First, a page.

RI, Australia to co-produce weaponry
Taken From The Jakartapost, Sept 19 2008
Indonesian and Australian defense companies will jointly build military equipment for both countries in the near future under a partnership that may ease Indonesia's dependence on weapons imports.
After meeting his Australian counterpart Joel Fitzgibbon in Jakarta on Thursday, Indonesia's Defense Minister Juwono Sudarsono said officials of the Indonesian Military and representatives of defense companies would soon fly to Australia to discuss what equipment would be built under the partnership.
"It will be equipment for our Navy, Air Force and Army. We must be able to increase domestic share of the production of any military equipment that the country uses to lessen our dependence on foreign countries," Juwono told a joint news conference.
Indonesian defense manufacturers, including PT Pindad, PT Pal, PT Dahana and PT Dirgantara Indonesia, produce 30 percent of the country's defense equipment, he said.
The minister said he was hopeful the negotiations could include technology sharing, although he added that he was aware the partnership must be mutually beneficial.
Fitzgibbon said the partnership would forge stability in the region.
"We're happy to provide all the assistance they need," he said.
Restricted by an arms embargo imposed by the United States, Indonesia has turned to Russia and China to procure equipment and establish partnerships to modernize its underbudgeted defense force.
Juwono said Jakarta was planning to buy three more Russian Sukhoi fighters to add to the four it acquired in 2003.
Last month, Indonesia received six Mi-17 helicopters from Russia following an agreement between the countries signed in 2007 that saw then Russian president Vladimir Putin provide a $1 billion loan for Indonesia to purchase 22 helicopters, 20 tanks and two submarines from Russia.
Indonesia's 2008 defense budget is $3.2 billion. Juwono previously said $10 billion was required to bring to an acceptable level the defensive capabilities of the country, which is home to 230 million people and more than 17,500 islands.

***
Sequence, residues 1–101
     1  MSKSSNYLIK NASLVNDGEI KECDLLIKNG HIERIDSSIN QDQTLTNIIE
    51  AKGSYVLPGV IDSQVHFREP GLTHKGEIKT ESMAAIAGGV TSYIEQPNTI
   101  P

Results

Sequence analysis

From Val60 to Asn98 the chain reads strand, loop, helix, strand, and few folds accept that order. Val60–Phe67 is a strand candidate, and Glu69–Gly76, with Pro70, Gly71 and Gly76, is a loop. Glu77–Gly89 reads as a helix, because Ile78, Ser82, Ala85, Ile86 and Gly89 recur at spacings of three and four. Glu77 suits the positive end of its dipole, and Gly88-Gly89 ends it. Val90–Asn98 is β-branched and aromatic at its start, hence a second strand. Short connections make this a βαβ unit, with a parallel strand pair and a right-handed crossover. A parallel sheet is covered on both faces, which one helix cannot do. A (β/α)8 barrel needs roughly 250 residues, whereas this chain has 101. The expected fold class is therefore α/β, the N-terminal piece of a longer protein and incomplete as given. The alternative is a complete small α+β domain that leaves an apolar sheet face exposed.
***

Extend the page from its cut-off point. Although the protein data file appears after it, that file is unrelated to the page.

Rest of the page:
Juwono said the country's prioritization of economic development was evidence Indonesia was not involved in an arms race, despite significantly increased spending on weapons by neighbors Australia and China.
"We just want to keep our minimum striking force and technology on par with our neighbors," he said.
Fitzgibbon said Indonesia played a key role in ensuring security in the region "and as the minister indicated once the government has dealt with their immediate social and economic challenges they will understandably seek to develop their military capability."
Indonesia and Australia signed the Lombok defense pact in 2006 after Jakarta had torn up a previous pact with Canberra nine years ago when Australia led an international force in East Timor.
Australian Prime Minister Kevin Rudd this month said he was concerned about the potential for an arms race with China, and to a lesser extent India, which have expanded their defense budgets.
Experts have estimated China's secretly guarded defense budget to be between $US59 billion and $100 billion.
Australia's defense spending has leapt 56 percent in the past seven years to $25.66 billion.